• Storage 64 GB
  • Battery 3110 mAh

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15 Comments

1. LawnBoy

Posts: 198; Member since: Feb 23, 2019

Benchmarks don't count. Real world, iPhones get smoked time and time agian.

8. kiko007

Posts: 7518; Member since: Feb 17, 2016

Smoked by what?

13. ShadowSnypa786

Posts: 595; Member since: Jan 06, 2017

One Plus 7 series S10 series Not sure about Mate 20 Pro or P30 Pro havent used them.

3. sunnyfpy

Posts: 288; Member since: May 12, 2013

Nothing but super hype every year new chipset!

4. chris2k5

Posts: 289; Member since: Nov 17, 2012

Aww android fan boys mad that Apple chips run circles around their outdated Snapdragon and Kirin processors. Hahaha stay sour

6. blingblingthing

Posts: 978; Member since: Oct 23, 2012

I'm guessing those speed tests where an Android phone runs circles around the iPhone don't mean anything to you. Well, to each their own.

9. kiko007

Posts: 7518; Member since: Feb 17, 2016

Speed tests have almost nothing to do with the SoC present unless the difference in sheer horsepower is massive. Those Android devices are winning mostly due to having Double the RAM and shorter animations (which ironically make them seem less fluid and more janky than iOS).

10. sgodsell

Posts: 7456; Member since: Mar 16, 2013

How about an OS that can take advantage of those benchmarks. If it can run circles around, well in your mind outdated Snapdragon, Kirin, and Exynos SoCs, then Apple should be able to easily add real multitasking, and split screen multitasking to the new iPhones. I had a palm pilot back in the days that tasked switched, just like all the iPhones of today. What's truly sad is you think the iPhones are really fast, but they don't do much with that speed. That's just sad for the people who own those iPhones. IPhone users would say things that the iPhones didn't have a screen that could take advantage of real multitasking and split screen multitasking. Well the Max has a really big screen. They use to say iOS and iPhones didn't have enough ram, well they have 4 GB of RAM. So what's the excuse for iPhones not supporting real multitasking and split screen multitasking? The real haha moment is an inexpensive Android device that costs less than $100 can do real multitasking and split screen multitasking. Yet an iPhone at $1500 cannot.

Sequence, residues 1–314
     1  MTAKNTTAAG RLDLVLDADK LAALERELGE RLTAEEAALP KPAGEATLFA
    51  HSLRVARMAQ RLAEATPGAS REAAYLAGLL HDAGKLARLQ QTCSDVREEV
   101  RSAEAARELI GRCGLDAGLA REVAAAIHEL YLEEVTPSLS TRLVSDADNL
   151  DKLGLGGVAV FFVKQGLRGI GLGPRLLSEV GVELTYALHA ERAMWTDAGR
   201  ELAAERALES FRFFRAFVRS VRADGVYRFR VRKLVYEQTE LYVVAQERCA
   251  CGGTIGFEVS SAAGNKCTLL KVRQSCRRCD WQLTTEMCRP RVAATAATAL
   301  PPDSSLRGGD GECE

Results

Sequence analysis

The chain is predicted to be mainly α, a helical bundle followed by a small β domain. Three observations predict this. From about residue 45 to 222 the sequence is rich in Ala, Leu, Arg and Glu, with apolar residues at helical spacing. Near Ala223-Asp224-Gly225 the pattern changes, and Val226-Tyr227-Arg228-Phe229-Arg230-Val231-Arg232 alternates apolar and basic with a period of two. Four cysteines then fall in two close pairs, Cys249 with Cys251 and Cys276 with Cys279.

17. Mansolo

Posts: 2; Member since: Apr 11, 2019

It doesn't support multitasking because it will kill the iPad. If the iPad supports true multitasking, it will kill Macs. If it kills Macs, Tim Cook is fired.... says Tim Cook. My real pain is that a simple file manager (that doesn't need screen real estate or Ram is woefully missing. When I asked Mr Tim, he said "how would we force you to pay for icloud if we put a true file manager?"

5. chipguy23

Posts: 10; Member since: Dec 23, 2017

The saddest thing with iphones is having all that horsepower under the hood, with an os that doesn't take advantage of it in the least

7. darkkjedii

Posts: 31329; Member since: Feb 05, 2011

So not impressed with benchmarks nowadays. Give me a combination of very fast performance/features/battery life, like the Note 9. Hmmmm...

12. NateAdam8

Posts: 439; Member since: Feb 17, 2012

People get them cause they enjoy them, I enjoy my Android as much as my sister enjoys her iPhone and Sometime in tge future I'll enjoy my new phone just as much.

14. NinoH

Posts: 131; Member since: Feb 09, 2018

For my daily needs my iphone XS Max does everything i need and more. When you start using your phone for real stuff not just OS makovers you will see just how far ahead Apple is fron everybody, ohh and benchmarks do matter because they are a indicator of overall performance of the SoC.